This study aims to document the governmental and political character and implications of shifting poverty mentalities, practices and dynamics in post-industrial inner-city locales (Boston, Dublin and Vancouver). The research documents and analyzes how certain people and places are rendered governmentally visible in relation to poverty and its various elements of disadvantage, often in ways that dovetail with gendered and racialized divisions. Methodologically, this research involves extensive archival research, field interviews, and photography. Theoretically, the objective is to understand how shifting forms of urban poverty governance relate to changing notions of democracy and citizenship, including the extent to which poverty and disadvantage become fields for authoritarian practices. Politically, this research unsettles conventional policy discourses and practices, as well as mainstream policy silos, by investigating how urban poverty governance aligns with wider political aims, such as the production of wealth, the securing of a willing and able workforce, and the promotion of order and stability. In this way, this research strives to open up space for new ways of thinking and acting upon mass inequalities that define the global present. Related research: "Bio-gentrification: Vulnerability Bio-value Chains in Gentrifying Neighbourhoods," URBAN GEOGRAPHY, 36, 2 (2015): 277-299; "The Silence of Urban Aboriginal Policy in New Brunswick," in URBAN ABORIGINAL POLICY MAKING IN CANADIAN MUNICIPALITIES, Evelyn Peters, ed. (Montreal: McGill-Queen’s University Press) ; "Making Space in Vancouver’s East End from Leonard Marsh to the Vancouver Agreement," BC STUDIES, 169 (2011), 7-49; "From Africville to Globalville: Race, Poverty, and Urban Governance in Halifax, Nova Scotia," in RACE, NEIGHBORHOODS, AND THE MISUSE OF SOCIAL CAPITAL, James Jennings, ed. (New York: Plagrave Macmillan, 2007) , 133-143; "The Voluntary Sector and the Realignment of Government: A Street-level Study," CANADIAN PUBLIC ADMINISTRATION, 49, 3 (2006), 375-392 (With Jacqueline Low). Please also refer to the RELATIONAL POVERTY NETWORK website at http://depts.washington.edu/relpov/governing-urban-poverty-boston-dublin-vancouver/

Experiential Learning in Political Science

Summary: 
This project aims to develop and apply experiential teaching and learning techniques to ignite in students a passion for studying politics and power. For further information on how I have used experiential learning, please see the Department of Political Science Newsletter (2015), p. 3, http://www.yorku.ca/laps/pols/documents/FINAL-2015LAPSPoliticalScienceNewsletter.pdf.

All Publications

Book Chapters

Karen Bridget Murray. (2015) . Governing ‘unwed mothers’ in Toronto at the turn of the twentieth century. In Regulating Sexuality in Early Twentieth Century: The Moral, The Normal, and the Deviant Sexuality in the Early 20th Century: The Canadian Historical Modules Project , Cynthia Comacchio, ed., http://www.visions.nelson.com/module/9780176584429_Module_47.pdf. Invited reprint of article first published in The Canadian Historical Review. PEER REVIEWED.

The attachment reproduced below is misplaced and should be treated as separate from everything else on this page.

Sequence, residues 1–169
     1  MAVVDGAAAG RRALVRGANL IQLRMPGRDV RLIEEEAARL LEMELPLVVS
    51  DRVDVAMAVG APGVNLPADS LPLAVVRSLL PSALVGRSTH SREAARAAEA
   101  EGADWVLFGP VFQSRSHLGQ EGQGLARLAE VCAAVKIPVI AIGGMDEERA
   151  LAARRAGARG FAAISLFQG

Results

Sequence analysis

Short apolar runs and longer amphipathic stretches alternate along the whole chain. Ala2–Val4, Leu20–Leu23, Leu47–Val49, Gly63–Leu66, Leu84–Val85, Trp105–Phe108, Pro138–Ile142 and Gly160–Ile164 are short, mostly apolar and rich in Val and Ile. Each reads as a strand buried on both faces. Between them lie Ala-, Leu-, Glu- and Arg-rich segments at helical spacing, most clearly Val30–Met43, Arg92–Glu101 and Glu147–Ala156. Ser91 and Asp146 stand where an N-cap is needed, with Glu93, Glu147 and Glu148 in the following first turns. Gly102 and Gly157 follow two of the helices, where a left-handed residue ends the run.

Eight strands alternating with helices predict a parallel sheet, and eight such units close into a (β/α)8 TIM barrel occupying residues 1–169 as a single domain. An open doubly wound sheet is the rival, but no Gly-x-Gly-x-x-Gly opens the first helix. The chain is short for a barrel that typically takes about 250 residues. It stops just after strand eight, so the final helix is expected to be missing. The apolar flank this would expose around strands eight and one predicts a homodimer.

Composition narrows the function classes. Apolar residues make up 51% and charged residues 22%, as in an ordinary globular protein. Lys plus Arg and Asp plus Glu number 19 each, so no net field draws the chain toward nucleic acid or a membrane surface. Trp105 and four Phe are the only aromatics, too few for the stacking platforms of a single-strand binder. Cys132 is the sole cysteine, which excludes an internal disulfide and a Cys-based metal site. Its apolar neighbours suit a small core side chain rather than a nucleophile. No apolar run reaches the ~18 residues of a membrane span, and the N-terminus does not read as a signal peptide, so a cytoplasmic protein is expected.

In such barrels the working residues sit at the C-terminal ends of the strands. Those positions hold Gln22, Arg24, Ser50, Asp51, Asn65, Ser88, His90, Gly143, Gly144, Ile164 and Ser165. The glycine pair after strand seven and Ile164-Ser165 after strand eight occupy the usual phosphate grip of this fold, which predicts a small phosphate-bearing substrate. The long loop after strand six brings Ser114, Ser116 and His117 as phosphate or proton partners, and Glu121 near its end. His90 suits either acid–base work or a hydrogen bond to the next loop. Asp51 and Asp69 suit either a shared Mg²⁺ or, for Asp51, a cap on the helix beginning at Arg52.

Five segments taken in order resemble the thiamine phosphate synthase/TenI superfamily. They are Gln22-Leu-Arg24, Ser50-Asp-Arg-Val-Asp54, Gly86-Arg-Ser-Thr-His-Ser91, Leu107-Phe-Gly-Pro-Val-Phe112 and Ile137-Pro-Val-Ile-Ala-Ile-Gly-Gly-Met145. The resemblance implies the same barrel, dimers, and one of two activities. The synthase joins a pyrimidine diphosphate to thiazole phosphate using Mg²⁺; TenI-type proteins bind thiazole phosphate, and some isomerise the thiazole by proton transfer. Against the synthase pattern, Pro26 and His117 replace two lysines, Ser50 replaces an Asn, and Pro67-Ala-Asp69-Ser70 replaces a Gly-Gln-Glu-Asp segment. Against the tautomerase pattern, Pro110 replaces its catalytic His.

Karen Bridget Murray. (2012) . The silence of urban aboriginal policy in New Brunswick. In Urban Aboriginal Policy Making in the Municipalities (Montreal: McGill-Queen's University Press). See the open access penultimate version at The Relational Poverty Network: http://depts.washington.edu/relpov/wordpress/wp-content/uploads/2015/09/Murray_2015_pre-print.pdf. PEER REVIEWED.

Karen Bridget Murray. (2008) .The patterning of political representation in Halifax. In Caroline Andrew, John Biles, Myer Siemiatycki, and Erin Tolley, eds. Electing a Diverse Canada: The Representation of Immigrants, Minorities and Women . Vancouver: UBC Press. PEER REVIEWED.

Karen Bridget Murray. (2007) . From Africville to globalville: race, poverty, and urban Governance in Halifax, Nova Scotia. In James Jennigs, ed. Race, Neighbourhoods, and the Misuse of Social Capital. pp. 133-143. New York: Palsgrave Macmillan.

Karen Bridget Murray. (2007) . Governmentality and the shifting winds of policy studies. In M. Smith and M. Orsini, eds. Critical Public Policy: Canadian Perspectives. pp. 161-184. Vancouver: UBC Press. PEER REVIEWED.

Karen Bridget Murray. (2006) . The realignment of government in the provinces. In Christopher Dunn, ed. Provinces: Canadian Provincial Politics, 2nd ed. Scarborough: Broadview Press, with student research assistance from Victoria Miernicki. PEER REVIEWED.